The Verification of Ecological Citizen Science Data: Current Approaches and Future Possibilities

Baker Emily
Drury Jonathan P.
Judge Johanna
Roy David B.
Smith Graham C.
Stephens Philip A.
Citizen science schemes enable ecological data collection over very large spatial and temporal scales, producing datasets of high value for both pure and applied research. However, the accuracy of citizen science data is often questioned, owing to issues surrounding data quality and verification, the process by which records are checked after submission for correctness. Verification is a critical process for ensuring data quality and for increasing trust in such datasets, but verification approaches vary considerably between schemes. Here, we systematically review approaches to verification across ecological citizen science schemes that feature in published research, aiming to identify the options available for verification, and to examine factors that influence the approaches used. We reviewed 259 schemes and were able to locate verification information for 142 of those. Expert verification was most widely used, especially among longer-running schemes, followed by community consensus and automated approaches. Expert verification has been the default approach for schemes in the past, but as the volume of data collected through citizen science schemes grows and the potential of automated approaches develops, many schemes might be able to implement approaches that verify data more efficiently. We present an idealised system for data verification, identifying schemes where this system could be applied and the requirements for implementation. We propose a hierarchical approach in which the bulk of records are verified by automation or community consensus, and any flagged records can then undergo additional levels of verification by experts.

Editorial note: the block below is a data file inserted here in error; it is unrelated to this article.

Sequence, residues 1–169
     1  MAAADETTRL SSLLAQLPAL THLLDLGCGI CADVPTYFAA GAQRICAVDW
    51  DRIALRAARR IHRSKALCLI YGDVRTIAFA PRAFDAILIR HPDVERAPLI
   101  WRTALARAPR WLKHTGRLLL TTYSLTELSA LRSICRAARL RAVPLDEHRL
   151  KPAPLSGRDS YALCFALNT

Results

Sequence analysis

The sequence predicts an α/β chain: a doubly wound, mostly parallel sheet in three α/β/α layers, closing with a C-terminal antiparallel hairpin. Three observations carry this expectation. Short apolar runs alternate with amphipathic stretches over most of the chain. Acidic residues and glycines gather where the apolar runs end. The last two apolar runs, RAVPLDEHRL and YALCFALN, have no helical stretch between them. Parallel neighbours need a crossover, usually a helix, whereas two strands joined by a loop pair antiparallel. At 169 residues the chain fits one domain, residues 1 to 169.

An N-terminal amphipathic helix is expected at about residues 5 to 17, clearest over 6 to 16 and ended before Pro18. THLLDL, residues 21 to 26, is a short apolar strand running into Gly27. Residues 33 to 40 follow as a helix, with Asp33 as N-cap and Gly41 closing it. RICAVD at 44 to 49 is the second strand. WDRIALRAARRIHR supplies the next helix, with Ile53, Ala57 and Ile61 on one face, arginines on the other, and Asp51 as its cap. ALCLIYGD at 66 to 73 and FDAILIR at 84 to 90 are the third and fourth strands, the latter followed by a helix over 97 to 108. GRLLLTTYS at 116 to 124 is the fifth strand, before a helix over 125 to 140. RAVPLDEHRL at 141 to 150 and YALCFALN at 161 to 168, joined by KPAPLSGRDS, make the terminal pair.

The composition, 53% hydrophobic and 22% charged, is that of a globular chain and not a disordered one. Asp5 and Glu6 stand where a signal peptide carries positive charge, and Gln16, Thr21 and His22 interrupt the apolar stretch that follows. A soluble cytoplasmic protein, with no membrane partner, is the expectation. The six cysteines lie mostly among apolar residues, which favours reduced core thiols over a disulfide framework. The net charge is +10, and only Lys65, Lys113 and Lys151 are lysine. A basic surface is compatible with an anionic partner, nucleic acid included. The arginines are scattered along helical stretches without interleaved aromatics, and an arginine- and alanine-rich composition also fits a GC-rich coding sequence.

Year of Publication
Citizen Science: Theory and Practice
ISSN Number
Research themes
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